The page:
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What is the difference between good and bad cholesterol?

The eating habits and sports activity that we practice profoundly mark our health. Sendentarism and the high-fat diet is causing more diseases than any other, with problems derived from diabetes, cardiovascular accidents and cancer.

Cholesterol is a serious problem in the Western world, but there is a lot of urban legend about this element. To deepen this, we have to learn to differentiate the different forms of lipids that we can find, those considered as functional, HDL (high-density lipoproteins), and ldl negatives (low-density lipoproteins).

Do you really know the difference between good and bad cholesterol?

Differences between good and bad cholesterol

Without a doubt, health worries us more and more and that is why we try to inform ourselves about the ingredients of each product that enters our shopping cart and also if any of them affect us positively or negatively in the long term.

One of the greatest concerns and that is precisely about what we have less clarity is about cholesterol, and what is known as good cholesterol and what as bad cholesterol.

Many of us have heard that “I have cholesterol” or “beware of high cholesterol”, but these common phrases only manage to generate confusion and do not reflect reality.

To help you answer those questions, we recommend that you continue reading.

First of all it should be said that cholesterol is something that we humans need and that it is found in the body tissue of all animals.

It is a sterol, that is, a set of organic molecules that are located naturally, and in small doses, in a wide variety of foods that we usually consume, such as vegetable oils, cereals and even in fruits and vegetables and also our own liver produces it.

Differences between bad and good cholesterol

For more information, the 70% of cholesterol comes from the production of our liver and only the remaining 30% of the food we eat.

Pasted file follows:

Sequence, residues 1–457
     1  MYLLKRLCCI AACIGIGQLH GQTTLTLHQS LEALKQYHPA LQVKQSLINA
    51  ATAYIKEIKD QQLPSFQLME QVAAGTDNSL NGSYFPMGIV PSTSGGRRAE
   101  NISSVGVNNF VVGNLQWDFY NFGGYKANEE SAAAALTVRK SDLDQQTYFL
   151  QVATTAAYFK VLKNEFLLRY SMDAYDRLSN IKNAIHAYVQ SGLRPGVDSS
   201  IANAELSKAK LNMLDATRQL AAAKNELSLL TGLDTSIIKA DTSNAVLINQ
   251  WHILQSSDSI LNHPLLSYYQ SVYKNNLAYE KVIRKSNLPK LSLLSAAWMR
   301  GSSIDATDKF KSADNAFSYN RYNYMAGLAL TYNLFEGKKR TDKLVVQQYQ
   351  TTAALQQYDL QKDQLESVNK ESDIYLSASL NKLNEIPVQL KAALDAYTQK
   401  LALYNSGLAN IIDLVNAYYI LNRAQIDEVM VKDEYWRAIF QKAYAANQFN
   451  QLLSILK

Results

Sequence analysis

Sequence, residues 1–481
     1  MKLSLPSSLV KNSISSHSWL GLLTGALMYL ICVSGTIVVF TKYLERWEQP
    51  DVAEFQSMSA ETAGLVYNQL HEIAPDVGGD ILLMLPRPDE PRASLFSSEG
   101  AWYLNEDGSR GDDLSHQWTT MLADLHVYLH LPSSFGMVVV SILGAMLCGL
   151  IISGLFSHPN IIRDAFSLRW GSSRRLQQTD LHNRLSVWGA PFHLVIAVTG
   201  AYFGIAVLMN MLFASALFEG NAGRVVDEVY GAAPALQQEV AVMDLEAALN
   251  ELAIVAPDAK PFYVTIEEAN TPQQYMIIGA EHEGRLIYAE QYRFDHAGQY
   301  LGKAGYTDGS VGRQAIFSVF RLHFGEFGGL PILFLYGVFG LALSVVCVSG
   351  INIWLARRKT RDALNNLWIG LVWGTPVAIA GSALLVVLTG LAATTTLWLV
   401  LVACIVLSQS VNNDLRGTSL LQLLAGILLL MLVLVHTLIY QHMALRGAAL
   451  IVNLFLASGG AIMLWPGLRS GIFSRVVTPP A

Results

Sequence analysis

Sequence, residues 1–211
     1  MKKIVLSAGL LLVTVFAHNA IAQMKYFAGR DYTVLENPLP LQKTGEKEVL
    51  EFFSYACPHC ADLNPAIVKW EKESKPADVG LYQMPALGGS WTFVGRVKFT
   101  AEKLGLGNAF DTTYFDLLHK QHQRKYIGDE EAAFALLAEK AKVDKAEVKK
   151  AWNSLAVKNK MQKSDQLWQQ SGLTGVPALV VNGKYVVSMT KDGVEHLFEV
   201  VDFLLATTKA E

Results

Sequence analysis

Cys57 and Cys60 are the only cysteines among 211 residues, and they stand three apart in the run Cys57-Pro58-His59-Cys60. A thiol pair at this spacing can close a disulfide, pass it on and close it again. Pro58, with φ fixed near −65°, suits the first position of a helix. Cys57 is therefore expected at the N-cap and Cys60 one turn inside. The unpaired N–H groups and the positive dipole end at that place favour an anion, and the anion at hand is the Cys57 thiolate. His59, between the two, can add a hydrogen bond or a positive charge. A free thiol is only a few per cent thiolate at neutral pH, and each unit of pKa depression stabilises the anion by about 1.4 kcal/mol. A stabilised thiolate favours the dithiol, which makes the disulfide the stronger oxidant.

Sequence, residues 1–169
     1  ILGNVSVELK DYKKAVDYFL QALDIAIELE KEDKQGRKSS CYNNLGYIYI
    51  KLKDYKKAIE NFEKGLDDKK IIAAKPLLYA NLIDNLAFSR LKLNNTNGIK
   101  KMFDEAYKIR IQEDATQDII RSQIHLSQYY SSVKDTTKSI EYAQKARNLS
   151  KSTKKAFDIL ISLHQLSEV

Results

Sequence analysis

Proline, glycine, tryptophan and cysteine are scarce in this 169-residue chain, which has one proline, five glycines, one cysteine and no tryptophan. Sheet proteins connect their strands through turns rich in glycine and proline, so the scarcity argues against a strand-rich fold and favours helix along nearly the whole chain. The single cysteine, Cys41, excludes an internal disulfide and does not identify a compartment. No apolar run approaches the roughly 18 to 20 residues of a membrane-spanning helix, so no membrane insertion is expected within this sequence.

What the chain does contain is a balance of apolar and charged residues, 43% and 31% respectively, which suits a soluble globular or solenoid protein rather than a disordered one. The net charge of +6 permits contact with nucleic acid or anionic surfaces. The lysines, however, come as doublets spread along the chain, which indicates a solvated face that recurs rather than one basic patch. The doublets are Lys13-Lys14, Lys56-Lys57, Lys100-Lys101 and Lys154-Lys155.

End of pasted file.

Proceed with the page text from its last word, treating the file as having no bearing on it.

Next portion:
Cholesterol plays a fundamental role for our body to function properly as follows:

actively collaborates in the transformation of the sun’s rays that we receive in our skin into vitamin D, essential for the correct absorption of calcium by the bones.

  • It manufactures bile acids, which help in the digestion of the fats we ingest.
  • It produces steroid hormones, such as sex or thyroid hormones, which are fundamental in our body.

The problem appears when our body has an amount of more than necessary, and therefore, it can cause heart disease.

It is usually spoken of colloquially good and bad cholesterol, but it is better to refer to them as HDL (high-density lipoproteins) and LDL (low-density lipoproteins).

Types of cholesterol

Under the acronym HDL and LDL are the terms in English “high density lipoprotein” (high intensity lipoprotein) and “low density lipoprotein” (low intensity lipoprotein), respectively.

To cholesterol LDL it is known as bad cholesterol because an excessive level of this in the blood adheres to the arterial walls and in the long run the plaque that forms can clog the arteries.

This obstruction of the coronary arteries would cause the heart to reach smaller amounts of oxygen and blood, and that, therefore, people who suffered from it would have respiratory problems, among other difficulties.

In extreme cases where the arteries are completely clogged, the consequences could be more severe, leading to a heart attack.

On the other hand, cholesterol HDL, the “good”, is responsible in some way to collect all the cholesterol that is found in our body to take it back to the liver, where it is eliminated by bile.

Thus, too high a level of LDL negatively affects health, but so is the fact of having too low levels of HDL cholesterol.